Carnevale Associates, a public affairs and research firm based in Bethesda, Maryland, issued a report earlier this year that illustrated what the impact of the sequester would be on all drug programs. Because of the way the budget is structured, different areas of drug control and treatment will be impacted by the sequester differently. For example, 56 percent of a dollar reduction in direct appropriations would be cut from demand-reduction programs, compared to 44 percent from supply-reduction programs. Prevention is most affected: About 78 percent of the total $1.7 billion requested for prevention is identified in an appropriation bill and would therefore absorb the full effect of a sequester.

In order to illustrate the impact of the sequester as clearly as possible, Senator Tom Harkin (D-IA) recently issued a 181-page report, pointing out what cuts would mean for various programs in terms of the amount of services that would be lost. Substance-abuse treatment and prevention funding was given its own section in the report. The Substance Abuse Prevention and Treatment Block Grant, administered by SAMHSA, provides formula-based grants to States for the provision of treatment and recovery support services for individuals and families affected by alcohol and drug addiction. In fiscal year 2011, this program funded approximately 2.1 million admissions to substance-abuse treatment programs. Research has found that every $1 spent on quality treatment can deliver a return of $12 or more in reduced substance-related crime and criminal justice and health care costs. If the sequester stays in place, it is calculated that there will be 169,375 fewer admissions to treatment.

Take California as an example: that state alone would lose close to $20 million in federal substance-abuse treatment dollars, costing the state almost 15,000 treatment admissions. It also stands to lose more than $1.3 million in HIV prevention funding, and just short of $10 million for the AIDS Drug Assistance Program.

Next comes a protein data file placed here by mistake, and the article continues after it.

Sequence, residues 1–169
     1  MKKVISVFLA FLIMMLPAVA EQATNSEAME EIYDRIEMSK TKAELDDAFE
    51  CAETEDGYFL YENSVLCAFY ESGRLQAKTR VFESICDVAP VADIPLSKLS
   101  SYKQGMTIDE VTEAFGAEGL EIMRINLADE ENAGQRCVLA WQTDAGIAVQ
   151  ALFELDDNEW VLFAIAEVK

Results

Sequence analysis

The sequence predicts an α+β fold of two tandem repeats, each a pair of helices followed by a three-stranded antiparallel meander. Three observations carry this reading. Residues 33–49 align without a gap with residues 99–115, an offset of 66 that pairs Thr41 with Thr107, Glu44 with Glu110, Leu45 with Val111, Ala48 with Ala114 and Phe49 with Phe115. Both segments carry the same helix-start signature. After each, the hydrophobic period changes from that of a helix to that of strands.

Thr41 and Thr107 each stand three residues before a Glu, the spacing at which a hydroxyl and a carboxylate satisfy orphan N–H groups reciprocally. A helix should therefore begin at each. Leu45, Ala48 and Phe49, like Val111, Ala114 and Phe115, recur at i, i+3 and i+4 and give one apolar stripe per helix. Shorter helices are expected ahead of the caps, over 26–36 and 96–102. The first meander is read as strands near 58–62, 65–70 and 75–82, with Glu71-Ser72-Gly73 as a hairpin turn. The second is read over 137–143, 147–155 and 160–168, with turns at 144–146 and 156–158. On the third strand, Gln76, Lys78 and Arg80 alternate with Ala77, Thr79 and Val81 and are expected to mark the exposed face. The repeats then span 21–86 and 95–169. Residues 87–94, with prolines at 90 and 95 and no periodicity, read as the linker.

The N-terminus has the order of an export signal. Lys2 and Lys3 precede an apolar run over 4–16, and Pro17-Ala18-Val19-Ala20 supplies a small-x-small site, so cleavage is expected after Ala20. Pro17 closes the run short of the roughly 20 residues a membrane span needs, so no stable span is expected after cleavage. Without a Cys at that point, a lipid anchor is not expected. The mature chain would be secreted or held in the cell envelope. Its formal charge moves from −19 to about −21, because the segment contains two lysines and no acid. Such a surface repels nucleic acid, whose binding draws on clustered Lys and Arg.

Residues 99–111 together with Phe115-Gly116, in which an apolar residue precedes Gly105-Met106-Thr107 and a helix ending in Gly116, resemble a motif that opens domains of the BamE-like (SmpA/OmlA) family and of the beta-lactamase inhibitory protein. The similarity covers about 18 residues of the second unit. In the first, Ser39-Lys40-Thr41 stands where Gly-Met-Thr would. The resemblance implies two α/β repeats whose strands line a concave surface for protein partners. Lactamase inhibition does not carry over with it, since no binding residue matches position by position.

As the calendar inches closer to the sequester, other lawmakers in addition to Harkin are starting to become more aware of its potential impact. In late July, the Senate cleared a bill that would pressure the Obama administration to detail how federal agencies would implement sequestration at the beginning of next year. The bill (HR 5872/S. 3228), cleared by unanimous consent, would require the White House to produce a report within 30 days explaining how the $109 billion in cuts scheduled to hit on January 2 would affect both domestic and defense programs. The House passed the bill July 18, and was written by Jeb Hensarling (R-TX). There were 56 co-sponsors of the bill on the House side. In the Senate, close to a third of all senators cosponsored the bill, which was introduced by Senator John Thune (R-SD). The White House complied, but its report revealed little new information.

The Coalition for Health Funding represents the entire spectrum of public health advocacy, from research to prevention to treatment. Its executive director, Emily Holubowich, has been focused on the sequester for more than a year. “Really, all public health ‘programs, projects, and activities’ are subject to the cuts,” she explained. “From immunizations to chronic disease prevention, laboratory capacity to training grants, health research to food safety, and of course substance-abuse prevention and recovery programs. Public health is already feeling the strain of cuts in federal and state funding. Another 8-10 percent would be the knockout punch.”

CHF has joined with other groups to form an even larger coalition, in an attempt to spare NDD spending from bearing the full brunt of the sequester. It would be its preference to avoid a sequester altogether, but short of that, the mission is to illustrate how public health and other government services are every bit as critical to the safety and prosperity of our nation as defense spending is. As Senator Harkin has pointed out, the job of a defense contractor is no more important to our nation than the job of a teacher.

Or than that of someone who works in the treatment and recovery arena, for that matter!